Mayor Michelle Wu’s ‘Wutopia’ has no cars, empty skyscrapers

No cars. Empty skyscrapers. Fossil fuels banned. Major businesses fleeing the city. Vacant downtown.

This is the Wutopia that Boston Mayor Michelle Wu wants, her vision to transform the city.

Mayors like Kevin White, Ray Flynn and Tom Menino helped build Boston, and she could be presiding over its dismantling.

Wu is overseeing a commercial decline unlike any the city has seen in recent memory, with over a billion dollar hole in the budget due to declining tax revenues. And bike lanes don’t generate revenue.

Her response? Shut out the business community and titans of industry and raise taxes.

The ultra-progressive circle of advisers she’s surrounded herself with figures Wu won the mayor’s office without business leaders’ help, so why reach out to them now?

Her proposal to raise the commercial tax rate beyond the current limit was met with stiff opposition by business leaders and could get a chilly reception on Beacon Hill, but so what?

Between the commercial tax hike and new restrictions on fossil fuels, it’s making it difficult for major new development.

Wu is spinning the proposed tax hike as a tax cut for residents, arguing the late Mayor Tom Menino did the same thing when he was in charge.

She talks about “re-imagining” the city, jacks up greens fees at the city’s two historic golf courses so they’re less affordable for average residents, and shells out grants only to her various progressive causes.

The attempt to compare Wu’s tax hikes with Menino’s is not valid, critics argue, because the city’s empty downtown has never seen the decline it faces now.

And though Menino was criticized for his heavy-handed tactics, he was always accessible to most business leaders.

Business leaders say Wu is taking the city down a dangerous path toward self-destruction the way some other cities have imploded.

“This is a time unlike any other in the last 30 years, and piling more financial burdens on a struggling industry is no solution at all,” Greg Vasi, CEO of the Greater Boston Real Estate Board said. “We are deeply concerned that increasing commercial tax rates to recoup lost revenue will only take us closer to the urban doom loop being seen in many other American cities.”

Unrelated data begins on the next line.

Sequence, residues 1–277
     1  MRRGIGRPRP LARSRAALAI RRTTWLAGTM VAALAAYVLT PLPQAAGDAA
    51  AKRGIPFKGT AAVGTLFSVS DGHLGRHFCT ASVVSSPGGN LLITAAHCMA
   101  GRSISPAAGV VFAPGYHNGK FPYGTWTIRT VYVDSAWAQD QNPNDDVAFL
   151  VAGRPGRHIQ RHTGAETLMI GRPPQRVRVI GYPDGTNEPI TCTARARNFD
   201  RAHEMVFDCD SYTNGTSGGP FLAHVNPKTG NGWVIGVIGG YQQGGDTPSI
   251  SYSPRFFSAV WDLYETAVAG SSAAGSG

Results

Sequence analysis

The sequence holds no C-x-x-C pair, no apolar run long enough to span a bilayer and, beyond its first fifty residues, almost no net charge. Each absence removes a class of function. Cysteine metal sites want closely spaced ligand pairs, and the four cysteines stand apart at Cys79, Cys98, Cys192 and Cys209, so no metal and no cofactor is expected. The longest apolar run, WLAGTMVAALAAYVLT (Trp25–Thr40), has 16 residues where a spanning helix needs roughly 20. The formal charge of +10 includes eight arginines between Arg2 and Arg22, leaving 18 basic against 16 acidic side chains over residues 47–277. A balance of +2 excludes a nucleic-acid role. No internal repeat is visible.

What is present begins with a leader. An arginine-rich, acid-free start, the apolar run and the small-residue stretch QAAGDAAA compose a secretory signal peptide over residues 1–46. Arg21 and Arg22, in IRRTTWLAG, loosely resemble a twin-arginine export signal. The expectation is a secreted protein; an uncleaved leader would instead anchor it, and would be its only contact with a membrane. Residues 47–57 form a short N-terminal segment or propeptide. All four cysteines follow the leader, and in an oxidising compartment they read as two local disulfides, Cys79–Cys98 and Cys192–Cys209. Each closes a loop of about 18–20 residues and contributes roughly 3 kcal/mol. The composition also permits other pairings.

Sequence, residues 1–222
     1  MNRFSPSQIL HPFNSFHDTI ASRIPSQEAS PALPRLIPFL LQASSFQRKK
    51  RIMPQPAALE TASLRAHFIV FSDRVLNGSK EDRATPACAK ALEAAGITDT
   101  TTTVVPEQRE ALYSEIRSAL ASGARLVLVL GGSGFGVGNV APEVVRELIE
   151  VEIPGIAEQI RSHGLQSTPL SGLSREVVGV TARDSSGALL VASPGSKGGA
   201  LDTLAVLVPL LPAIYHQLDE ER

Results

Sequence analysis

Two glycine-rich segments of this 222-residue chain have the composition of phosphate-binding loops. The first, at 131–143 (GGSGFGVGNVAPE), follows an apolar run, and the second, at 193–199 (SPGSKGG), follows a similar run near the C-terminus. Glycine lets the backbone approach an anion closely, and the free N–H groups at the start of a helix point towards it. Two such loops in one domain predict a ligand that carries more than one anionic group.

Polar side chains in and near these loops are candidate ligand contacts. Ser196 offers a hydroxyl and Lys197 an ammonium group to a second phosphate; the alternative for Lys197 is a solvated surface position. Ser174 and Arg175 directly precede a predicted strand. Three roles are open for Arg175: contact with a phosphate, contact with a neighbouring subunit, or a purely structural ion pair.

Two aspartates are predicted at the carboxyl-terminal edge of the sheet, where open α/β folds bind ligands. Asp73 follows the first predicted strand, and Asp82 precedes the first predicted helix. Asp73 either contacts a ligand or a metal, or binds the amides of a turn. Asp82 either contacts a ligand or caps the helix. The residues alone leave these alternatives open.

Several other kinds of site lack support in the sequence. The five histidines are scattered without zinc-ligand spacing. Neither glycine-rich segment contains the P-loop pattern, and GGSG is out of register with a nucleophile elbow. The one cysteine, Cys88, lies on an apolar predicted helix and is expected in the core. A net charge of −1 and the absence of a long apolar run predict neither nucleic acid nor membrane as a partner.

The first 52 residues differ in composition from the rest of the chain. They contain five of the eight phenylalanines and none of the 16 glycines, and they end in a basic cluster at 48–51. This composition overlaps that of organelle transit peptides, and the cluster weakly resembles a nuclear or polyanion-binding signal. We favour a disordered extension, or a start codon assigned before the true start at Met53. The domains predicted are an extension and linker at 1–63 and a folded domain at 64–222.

And if the economy starts to go south, it’s only a matter of time before it affects Boston’s great institutions like hospitals and universities.

Wu’s plan to re-imagine Boston comes as she’s scored a string of policy and political victories.

A year and a half before the next Boston mayoral election, there are no challengers and serious questions about who would be foolhardy enough to take on the job.

Despite the heavy scrutiny Wu has been under in her first term, no one from the right has stepped forward to become a voice of the opposition.

Is she unbeatable? Will she just glide into another term – if she even runs again?

With all the criticism the progressive darling Wu gets, she still has a huge swath of support in liberal neighborhoods throughout the city.

She’s made some major missteps, like trying to move the O’Bryant School from Roxbury to white West Roxbury, and holding a segregated Christmas party, but there’s no indication those mistakes are big enough to stop her re-election chances.

The question is what will Boston look like when she leaves?

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